3) Ingredient networks can be used to predict recipe ratings. “These networks encode which ingredients go well together, and which can be substituted to obtain superior results, and permit one to predict, given a pair of related recipes, which one will be more highly rated by users.” It appears that the substitute network in particular encodes nutrition information, e.g. users’ preferences for “healthier” variants for a recipe.

4) The hypothesis presented in Catching Fire, that humans have evolved to prefer cooking methods that extract more energy value from food, is consistent with recipe ratings. Recipes that call for heating (baking, boiling, grilling), are rated on average more highly than those that only call for mechanical preparation methods (chopping, mixing). Chemical methods (marinating & brining) give a slight additional boost.

5) US regional preferences are easily discernable, e.g. frying being popular in the south, and grilling being popular on the west coast and in the mountain regions. It would be interesting to study how these are affected by the availability of ingredients and cultural influences.

Also, stay tuned for some fantastic related work by YY Ahn, Sebastian Ahnert, James Bagrow and Laszlo Barabasi, getting to the bottom of recipe preferences by analyzing networks of flavor compounds in food pairings.

Finally, a short thanks for some of the tools we used:

Gephi for visualizing the networks
Map generator for detecting communities, here are two examples:

 

For the past few months I’ve been collaborating with Jack Iwashyna, Assistant Professor at UofM’s medical school and SI MSI student Umanka Hebbar Karkada. Jack had a fun idea, and a fun data set – hospital to hospital patient transfers, mined from medicare claims. These transfers are a way for highly resistant infections to jump from one critical care unit to another. Mostly hospitals devote resources to preventing infection spread separately from one another.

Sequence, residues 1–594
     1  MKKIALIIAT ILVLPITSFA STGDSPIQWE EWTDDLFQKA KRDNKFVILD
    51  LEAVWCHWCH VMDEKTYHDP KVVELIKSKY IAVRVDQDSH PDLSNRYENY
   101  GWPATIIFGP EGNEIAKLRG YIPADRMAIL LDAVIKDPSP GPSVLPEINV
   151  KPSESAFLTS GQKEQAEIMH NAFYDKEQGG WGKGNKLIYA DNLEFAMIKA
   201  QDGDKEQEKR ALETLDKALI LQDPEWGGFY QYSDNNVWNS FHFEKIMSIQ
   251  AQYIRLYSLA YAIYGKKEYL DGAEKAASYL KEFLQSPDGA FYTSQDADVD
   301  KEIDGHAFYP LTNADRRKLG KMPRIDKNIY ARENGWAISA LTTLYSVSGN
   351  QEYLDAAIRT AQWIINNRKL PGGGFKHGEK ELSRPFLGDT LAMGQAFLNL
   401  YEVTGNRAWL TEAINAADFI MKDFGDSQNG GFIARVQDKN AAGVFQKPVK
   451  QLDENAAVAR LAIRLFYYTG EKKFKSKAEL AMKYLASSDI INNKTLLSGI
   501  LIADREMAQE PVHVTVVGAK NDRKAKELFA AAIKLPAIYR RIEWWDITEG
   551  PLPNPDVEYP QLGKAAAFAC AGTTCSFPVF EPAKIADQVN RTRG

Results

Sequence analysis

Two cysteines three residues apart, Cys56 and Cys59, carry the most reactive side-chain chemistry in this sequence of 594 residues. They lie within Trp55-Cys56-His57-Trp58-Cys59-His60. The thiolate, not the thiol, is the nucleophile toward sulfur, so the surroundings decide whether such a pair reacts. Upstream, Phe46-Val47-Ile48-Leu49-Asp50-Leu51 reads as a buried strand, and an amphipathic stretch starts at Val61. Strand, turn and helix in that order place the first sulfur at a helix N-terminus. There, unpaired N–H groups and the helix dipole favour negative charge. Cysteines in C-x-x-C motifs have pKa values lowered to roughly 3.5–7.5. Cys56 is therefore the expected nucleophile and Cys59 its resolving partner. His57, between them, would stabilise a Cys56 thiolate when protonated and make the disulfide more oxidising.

We posed the question of how resources could be allocated in a coordinated way to maximally stem the spread of infection. Umanka and I tried several stategies – targeting hospitals with the highest degree (number of hospitals they trade patients with), highest betweenness (they are on the “path” between other hospitals), and a greedy allocation based on the number of beds infected at each hospital and downstream from that hospital.
The results are here. Both figures show hospitals as nodes sized by the number of ICU beds they have.
This shows the number of resources allocated by hospital (gray = none, blue = few, red = many).

This shows the relative benefit of a random allocation vs. targeting particular hospitals. (blue = hospital unlikely to become infected, red = likely to be infected)

 

I’ve created my first motion chart using my dad’s data. My dad, Kresimir Adamic is into tennis and statistics. Matt Simmons, a student in my Fall ’08 SI 601 class, demoed Google’s motion chart gadget and I’ve been wanting to try it out ever since.

And if you haven’t seen Hans Rosling’s TED talk on using motion charts to show the relationship between health care, prosperity and birth rates, you’re missing out.